The first unit of the Ignalina reactor will be shut down in 2005, under a plan agreed on 31 January by the Lithuanian government.
The two units at Ignalina are the largest RBMKs in operation - they were originally rated at 1500MWe when they started up in 1983 and 1986, respectively. Among the safety upgrades initiated at the plant since the Chernobyl accident in 1986 the units have been derated to 1300MWe apiece. Their closure has been under discussion for some time, not least because as long as the reactors stay in operation they are a bar to Lithuania’s plans to join the European Union. On the other side of the balance for Lithuania, the reactors provide some 70% of the country’s electricity and replacing it would be an expensive business.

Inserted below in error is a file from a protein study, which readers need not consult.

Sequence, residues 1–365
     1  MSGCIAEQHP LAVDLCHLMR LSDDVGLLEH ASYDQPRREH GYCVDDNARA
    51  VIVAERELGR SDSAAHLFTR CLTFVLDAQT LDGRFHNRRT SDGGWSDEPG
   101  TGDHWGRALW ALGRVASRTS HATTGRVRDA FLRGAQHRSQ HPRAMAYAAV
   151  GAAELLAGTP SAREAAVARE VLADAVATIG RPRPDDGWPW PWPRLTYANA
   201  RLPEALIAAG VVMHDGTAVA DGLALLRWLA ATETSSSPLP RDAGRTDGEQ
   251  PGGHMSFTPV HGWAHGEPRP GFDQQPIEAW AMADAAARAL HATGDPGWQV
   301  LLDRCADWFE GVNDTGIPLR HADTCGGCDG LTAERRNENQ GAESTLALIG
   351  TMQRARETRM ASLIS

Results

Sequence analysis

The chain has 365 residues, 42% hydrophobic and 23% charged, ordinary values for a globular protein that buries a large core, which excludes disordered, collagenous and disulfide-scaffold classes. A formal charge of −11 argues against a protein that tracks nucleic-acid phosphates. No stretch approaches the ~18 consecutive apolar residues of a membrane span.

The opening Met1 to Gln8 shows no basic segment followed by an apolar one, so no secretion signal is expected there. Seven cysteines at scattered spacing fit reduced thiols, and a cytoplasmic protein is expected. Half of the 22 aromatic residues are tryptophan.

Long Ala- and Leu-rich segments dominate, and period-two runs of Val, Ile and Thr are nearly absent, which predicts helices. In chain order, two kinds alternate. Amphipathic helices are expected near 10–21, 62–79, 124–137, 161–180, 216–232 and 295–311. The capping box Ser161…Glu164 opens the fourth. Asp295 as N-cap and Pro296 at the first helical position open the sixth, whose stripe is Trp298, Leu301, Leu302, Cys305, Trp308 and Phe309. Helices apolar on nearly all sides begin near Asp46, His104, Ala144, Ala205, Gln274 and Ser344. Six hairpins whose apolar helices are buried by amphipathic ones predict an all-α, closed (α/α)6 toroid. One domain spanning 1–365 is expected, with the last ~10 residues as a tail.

Now the Lithuanian government has agreed detailed plans for shutting down the first unit, following a decision in principle taken by an earlier government, in exchange for grants of around US$200 million from international donors - mostly from the European Union. The government has not said when or if it will shut down the second unit.
When unit 1 is shut down it will have been in operation for 20 years, often considered a decision time for RBMKs. In these reactors fuel is held in channels passing through the solid graphite core; as the channels age they may be renewed singly but after two decades a full rechanneling of the core may be required.